Grave marker at the cemetery at Mission San Antonio de Pala in Pala, California

Pictures copyright 2012 Russel Ray Photos

Grave marker at the cemetery at Mission San Antonio de Pala in Pala, California

Pictures copyright 2012 Russel Ray Photos

Grave marker at the cemetery at Mission San Antonio de Pala in Pala, California

Pictures copyright 2012 Russel Ray Photos

Grave marker at the cemetery at Mission San Antonio de Pala in Pala, California

Pictures copyright 2012 Russel Ray Photos

Grave marker at the cemetery at Mission San Antonio de Pala in Pala, California

Pictures copyright 2012 Russel Ray Photos

Grave marker at the cemetery at Mission San Antonio de Pala in Pala, California

Pictures copyright 2012 Russel Ray Photos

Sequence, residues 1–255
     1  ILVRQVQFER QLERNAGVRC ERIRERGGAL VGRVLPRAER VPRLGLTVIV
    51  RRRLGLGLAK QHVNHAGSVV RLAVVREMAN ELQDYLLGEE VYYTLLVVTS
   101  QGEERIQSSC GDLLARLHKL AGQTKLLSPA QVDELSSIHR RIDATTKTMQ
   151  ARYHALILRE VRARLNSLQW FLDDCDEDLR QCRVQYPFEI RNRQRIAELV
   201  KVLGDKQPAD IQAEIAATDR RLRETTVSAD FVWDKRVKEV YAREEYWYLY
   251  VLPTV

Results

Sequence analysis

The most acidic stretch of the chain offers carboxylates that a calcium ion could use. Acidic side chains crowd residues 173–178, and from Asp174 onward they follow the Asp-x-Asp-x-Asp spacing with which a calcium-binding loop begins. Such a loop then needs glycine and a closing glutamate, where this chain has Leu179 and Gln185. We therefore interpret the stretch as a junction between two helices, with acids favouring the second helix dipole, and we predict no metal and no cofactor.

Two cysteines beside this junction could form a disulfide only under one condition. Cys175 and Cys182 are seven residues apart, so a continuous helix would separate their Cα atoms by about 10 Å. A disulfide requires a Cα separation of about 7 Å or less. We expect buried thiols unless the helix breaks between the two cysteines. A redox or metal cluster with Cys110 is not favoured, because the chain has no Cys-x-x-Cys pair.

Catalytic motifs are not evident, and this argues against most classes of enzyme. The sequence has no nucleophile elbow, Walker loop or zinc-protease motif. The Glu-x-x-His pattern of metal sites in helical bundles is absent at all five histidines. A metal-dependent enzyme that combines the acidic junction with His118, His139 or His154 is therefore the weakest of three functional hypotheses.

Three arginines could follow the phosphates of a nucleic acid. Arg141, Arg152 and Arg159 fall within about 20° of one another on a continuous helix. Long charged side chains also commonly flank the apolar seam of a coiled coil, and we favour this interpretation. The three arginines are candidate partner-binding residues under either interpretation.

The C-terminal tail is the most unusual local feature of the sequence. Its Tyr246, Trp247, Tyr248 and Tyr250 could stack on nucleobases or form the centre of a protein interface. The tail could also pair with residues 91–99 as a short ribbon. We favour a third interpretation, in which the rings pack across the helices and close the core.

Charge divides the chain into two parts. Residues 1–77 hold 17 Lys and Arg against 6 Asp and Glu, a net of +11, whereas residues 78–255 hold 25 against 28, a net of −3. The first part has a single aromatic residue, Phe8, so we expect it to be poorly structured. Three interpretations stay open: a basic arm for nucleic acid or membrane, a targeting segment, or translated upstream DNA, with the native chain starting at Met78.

Grave marker at the cemetery at Mission San Antonio de Pala in Pala, California

Pictures copyright 2012 Russel Ray Photos

Grave marker at the cemetery at Mission San Antonio de Pala in Pala, California

Pictures copyright 2012 Russel Ray Photos

I don’t think this last one is a grave marker unless it’s a place holder for all those grave markers that aren’t there anymore.

Grave marker at the cemetery at Mission San Antonio de Pala in Pala, California

Pictures copyright 2012 Russel Ray Photos

Pictures copyright 2012 Russel Ray Photos

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Imagine my surprise 49 years later

My wise old grandmother

I came to San Diego in April 1993 via a circuitous route that started in College Station, Texas, took me north to Fargo, North Dakota, west to Seattle, Washington, and then south to San Diego. I wasn’t really looking for a place to live. Rather, I was looking for a place to kill myself. All because of my sexual orientation and how being gay was perceived in Texas and in the Mormon and Catholic religions in which I had been raised.